home | categories | readme


This is a template directory that creates a changing forest space with a campfire for users to visit. It was designed to run on a shared server space, but could also be run by individual users. It will take a little bit of configuration to get it running, but not too much.

A script monitors the forest directory. Specifically it watches the campfire.txt file for changes. Visitors can make their visit to the forest known by sharing something in the campfire.txt file.

If no one visits for a while then small files grow in the forest space, like leaf.txt or branch.txt. These files can be opened up, and will contain small fragments of text. They can be pruned, renamed or deleted as the forest caretakers wish.

If there is no activity for a week, the campfire.txt file is reset and any messages erased.

Ideally you will let the script run automatically. To manage this you can set up a cronjob.

Be aware that leaving this script running will likely generate hundreds of tiny files. You might like to switch it on for a while, live with it and then delete it.

forest (is the directory)
|-nature.py (is the script)
|-campfire.txt (is a place to write)

You can download this directory here (3kb).

Unzip it and place it wherever you like. Read through the code before running it. I haven't really written anything in python before - so go carefully.

You will need to configure the nature.py file. I used simple python editor, Mu Editor to work on mine. Look for the lines that require the filepath to the directory. If you need to check the full path, from the terminal (CLI) you can navigate to the unzipped directory and the type pwd.

Whilst your editing the path, you might also want to play around with the frequency settings or add your own text.

Check the nature.py runs as expected by navigating to the directory in the terminal and running:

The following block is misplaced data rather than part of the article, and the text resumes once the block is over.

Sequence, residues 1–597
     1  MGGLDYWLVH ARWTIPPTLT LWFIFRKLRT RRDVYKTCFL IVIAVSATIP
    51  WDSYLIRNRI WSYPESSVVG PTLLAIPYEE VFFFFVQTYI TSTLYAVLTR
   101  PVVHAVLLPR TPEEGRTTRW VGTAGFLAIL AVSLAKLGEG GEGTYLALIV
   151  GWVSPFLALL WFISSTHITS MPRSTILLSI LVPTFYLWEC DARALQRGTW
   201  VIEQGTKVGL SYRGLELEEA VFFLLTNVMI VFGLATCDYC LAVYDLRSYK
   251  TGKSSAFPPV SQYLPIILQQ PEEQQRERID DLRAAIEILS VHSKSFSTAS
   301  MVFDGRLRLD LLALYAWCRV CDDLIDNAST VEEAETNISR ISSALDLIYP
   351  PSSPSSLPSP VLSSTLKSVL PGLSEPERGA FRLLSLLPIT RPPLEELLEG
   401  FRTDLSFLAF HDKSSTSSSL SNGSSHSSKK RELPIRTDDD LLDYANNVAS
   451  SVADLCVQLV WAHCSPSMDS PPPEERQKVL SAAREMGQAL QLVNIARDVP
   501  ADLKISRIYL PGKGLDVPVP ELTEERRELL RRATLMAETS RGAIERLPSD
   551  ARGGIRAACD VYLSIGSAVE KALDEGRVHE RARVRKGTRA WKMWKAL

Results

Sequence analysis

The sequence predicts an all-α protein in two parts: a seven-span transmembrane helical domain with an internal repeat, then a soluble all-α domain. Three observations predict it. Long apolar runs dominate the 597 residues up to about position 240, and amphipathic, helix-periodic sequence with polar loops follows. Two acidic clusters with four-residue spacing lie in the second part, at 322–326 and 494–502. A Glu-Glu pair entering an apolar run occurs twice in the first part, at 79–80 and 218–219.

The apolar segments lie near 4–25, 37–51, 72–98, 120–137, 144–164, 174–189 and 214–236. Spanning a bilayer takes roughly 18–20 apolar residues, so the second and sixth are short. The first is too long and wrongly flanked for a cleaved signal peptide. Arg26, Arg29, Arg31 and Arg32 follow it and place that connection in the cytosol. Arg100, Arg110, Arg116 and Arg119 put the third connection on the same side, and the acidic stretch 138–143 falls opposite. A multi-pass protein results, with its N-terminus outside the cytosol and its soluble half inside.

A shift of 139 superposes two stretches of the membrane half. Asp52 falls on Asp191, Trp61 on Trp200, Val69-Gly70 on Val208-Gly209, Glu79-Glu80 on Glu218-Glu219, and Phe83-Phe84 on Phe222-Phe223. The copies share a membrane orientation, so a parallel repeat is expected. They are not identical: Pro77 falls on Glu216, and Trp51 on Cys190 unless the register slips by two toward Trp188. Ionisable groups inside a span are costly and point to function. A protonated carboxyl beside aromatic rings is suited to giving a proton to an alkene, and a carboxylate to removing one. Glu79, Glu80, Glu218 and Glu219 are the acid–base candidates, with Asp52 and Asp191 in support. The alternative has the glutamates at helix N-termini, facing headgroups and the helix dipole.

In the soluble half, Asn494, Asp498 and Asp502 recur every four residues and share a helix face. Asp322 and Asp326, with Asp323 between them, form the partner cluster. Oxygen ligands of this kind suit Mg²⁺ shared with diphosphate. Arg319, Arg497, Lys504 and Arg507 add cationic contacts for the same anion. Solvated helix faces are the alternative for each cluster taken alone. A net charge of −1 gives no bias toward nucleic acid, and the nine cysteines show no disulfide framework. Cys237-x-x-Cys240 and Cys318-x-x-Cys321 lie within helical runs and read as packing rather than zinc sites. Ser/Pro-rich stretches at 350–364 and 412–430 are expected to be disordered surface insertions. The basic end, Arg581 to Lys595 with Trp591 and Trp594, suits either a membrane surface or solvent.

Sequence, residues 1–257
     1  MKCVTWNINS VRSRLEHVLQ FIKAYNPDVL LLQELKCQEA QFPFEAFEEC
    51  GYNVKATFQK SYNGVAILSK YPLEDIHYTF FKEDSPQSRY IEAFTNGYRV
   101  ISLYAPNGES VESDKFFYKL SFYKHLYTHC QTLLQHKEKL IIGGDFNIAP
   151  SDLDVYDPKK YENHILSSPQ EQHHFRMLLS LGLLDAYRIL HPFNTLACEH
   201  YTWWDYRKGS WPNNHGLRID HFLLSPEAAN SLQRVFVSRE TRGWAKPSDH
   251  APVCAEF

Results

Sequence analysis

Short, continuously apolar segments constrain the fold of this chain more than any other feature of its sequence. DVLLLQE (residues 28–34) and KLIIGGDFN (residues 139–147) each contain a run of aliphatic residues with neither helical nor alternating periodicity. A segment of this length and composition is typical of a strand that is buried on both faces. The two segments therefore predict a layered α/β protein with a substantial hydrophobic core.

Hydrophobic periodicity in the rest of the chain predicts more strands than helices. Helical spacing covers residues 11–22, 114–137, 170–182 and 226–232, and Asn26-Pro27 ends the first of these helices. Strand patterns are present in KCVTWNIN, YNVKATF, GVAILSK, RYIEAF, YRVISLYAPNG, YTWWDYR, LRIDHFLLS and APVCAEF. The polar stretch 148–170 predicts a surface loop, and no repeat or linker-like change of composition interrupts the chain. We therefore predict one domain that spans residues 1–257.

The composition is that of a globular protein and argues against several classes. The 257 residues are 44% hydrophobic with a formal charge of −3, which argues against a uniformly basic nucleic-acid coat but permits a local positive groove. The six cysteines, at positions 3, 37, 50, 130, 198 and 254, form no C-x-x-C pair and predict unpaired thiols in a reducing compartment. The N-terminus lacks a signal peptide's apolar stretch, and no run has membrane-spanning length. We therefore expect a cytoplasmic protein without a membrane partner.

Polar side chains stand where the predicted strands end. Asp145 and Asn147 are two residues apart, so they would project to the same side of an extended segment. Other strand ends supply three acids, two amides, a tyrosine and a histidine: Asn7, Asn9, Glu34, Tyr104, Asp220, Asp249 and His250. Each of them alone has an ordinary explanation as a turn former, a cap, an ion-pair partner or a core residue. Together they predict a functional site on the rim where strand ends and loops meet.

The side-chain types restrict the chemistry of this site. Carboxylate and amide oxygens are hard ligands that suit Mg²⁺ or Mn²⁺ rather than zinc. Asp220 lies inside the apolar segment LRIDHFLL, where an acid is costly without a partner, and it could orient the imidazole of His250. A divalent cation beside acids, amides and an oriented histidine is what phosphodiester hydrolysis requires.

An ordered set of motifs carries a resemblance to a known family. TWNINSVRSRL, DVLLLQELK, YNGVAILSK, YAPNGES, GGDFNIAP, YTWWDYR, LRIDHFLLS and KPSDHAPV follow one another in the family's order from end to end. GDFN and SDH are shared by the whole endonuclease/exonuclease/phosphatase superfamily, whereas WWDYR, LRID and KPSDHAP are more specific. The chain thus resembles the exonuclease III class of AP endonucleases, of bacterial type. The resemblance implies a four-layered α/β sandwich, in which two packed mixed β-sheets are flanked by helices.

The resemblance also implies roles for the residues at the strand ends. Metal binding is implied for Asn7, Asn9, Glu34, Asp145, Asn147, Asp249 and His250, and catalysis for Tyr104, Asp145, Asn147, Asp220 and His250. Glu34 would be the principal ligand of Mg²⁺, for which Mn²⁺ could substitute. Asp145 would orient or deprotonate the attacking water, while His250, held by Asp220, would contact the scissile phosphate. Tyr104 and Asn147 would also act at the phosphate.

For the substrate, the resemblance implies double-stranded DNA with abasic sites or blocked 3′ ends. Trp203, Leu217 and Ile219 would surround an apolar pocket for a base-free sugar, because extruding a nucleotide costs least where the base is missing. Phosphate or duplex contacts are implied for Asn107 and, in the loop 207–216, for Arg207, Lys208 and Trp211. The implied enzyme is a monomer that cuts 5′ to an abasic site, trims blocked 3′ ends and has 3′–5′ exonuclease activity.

python3 nature.py

Setting up the cronjob

If you haven't used this before, you might like to follow a more detailed walkthrough. If you just need a quick reminder:

open the current crontab document in nano:

nano crontab -e

Jobs each have their own line. In this case the job is made up of three parts.

  1. The frequency, which is designated with the initial numbers and *s. Use crontab.guru to configure the frequency you want the script to run. Once or twice a day is probably plenty, and note that it only runs when the computer is awake.
  2. The location and version of python installed. You can check the location using:
    which python 3
  3. And finally the location of the nature.py script.

Save and exit from nano using ctrl+x.

To check the cronjob is recognised enter the following to return all valid cronjobs:

crontab -l

About this

During the avantwhatever.net server residency I was thinking about ways of being present on the server, and the traces we leave in these spaces - so much is recorded in logs, and the spaces that as a user you might not usually visit. I have also been trying to think more about memory, and the different ways in which data is stored and retrieved. The process and energy of writing, erasing and rewriting a file feels interesting.

It is a strange project to leave running as it is unnecessarily generating files. It is performing computation. It feels like it is enough to look at this and think about it, without it actually running. By functioning though it can provide a space that becomes real for different people or at different times. You might encounter it accidentally. It becomes separate.

categories: web | tools

~gg 02/23